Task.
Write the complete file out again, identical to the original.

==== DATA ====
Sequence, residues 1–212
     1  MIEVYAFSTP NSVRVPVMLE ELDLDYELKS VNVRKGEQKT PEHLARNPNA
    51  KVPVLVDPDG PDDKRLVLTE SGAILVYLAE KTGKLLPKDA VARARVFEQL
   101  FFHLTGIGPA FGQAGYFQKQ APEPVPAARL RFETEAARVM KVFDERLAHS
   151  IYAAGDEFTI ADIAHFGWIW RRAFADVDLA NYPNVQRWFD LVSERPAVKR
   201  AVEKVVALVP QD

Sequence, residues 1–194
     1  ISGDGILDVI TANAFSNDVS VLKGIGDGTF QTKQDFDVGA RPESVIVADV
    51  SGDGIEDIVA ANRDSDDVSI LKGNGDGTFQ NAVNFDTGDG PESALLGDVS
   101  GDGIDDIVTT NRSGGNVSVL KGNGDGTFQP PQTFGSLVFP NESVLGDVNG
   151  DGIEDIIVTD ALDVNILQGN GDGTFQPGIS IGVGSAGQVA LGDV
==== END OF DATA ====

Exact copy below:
Sequence, residues 1–212
     1  MIEVYAFSTP NSVRVPVMLE ELDLDYELKS VNVRKGEQKT PEHLARNPNA
    51  KVPVLVDPDG PDDKRLVLTE SGAILVYLAE KTGKLLPKDA VARARVFEQL
   101  FFHLTGIGPA FGQAGYFQKQ APEPVPAARL RFETEAARVM KVFDERLAHS
   151  IYAAGDEFTI ADIAHFGWIW RRAFADVDLA NYPNVQRWFD LVSERPAVKR
   201  AVEKVVALVP QD

Sequence, residues 1–194
     1  ISGDGILDVI TANAFSNDVS VLKGIGDGTF QTKQDFDVGA RPESVIVADV
    51  SGDGIEDIVA ANRDSDDVSI LKGNGDGTFQ NAVNFDTGDG PESALLGDVS
   101  GDGIDDIVTT NRSGGNVSVL KGNGDGTFQP PQTFGSLVFP NESVLGDVNG
   151  DGIEDIIVTD ALDVNILQGN GDGTFQPGIS IGVGSAGQVA LGDV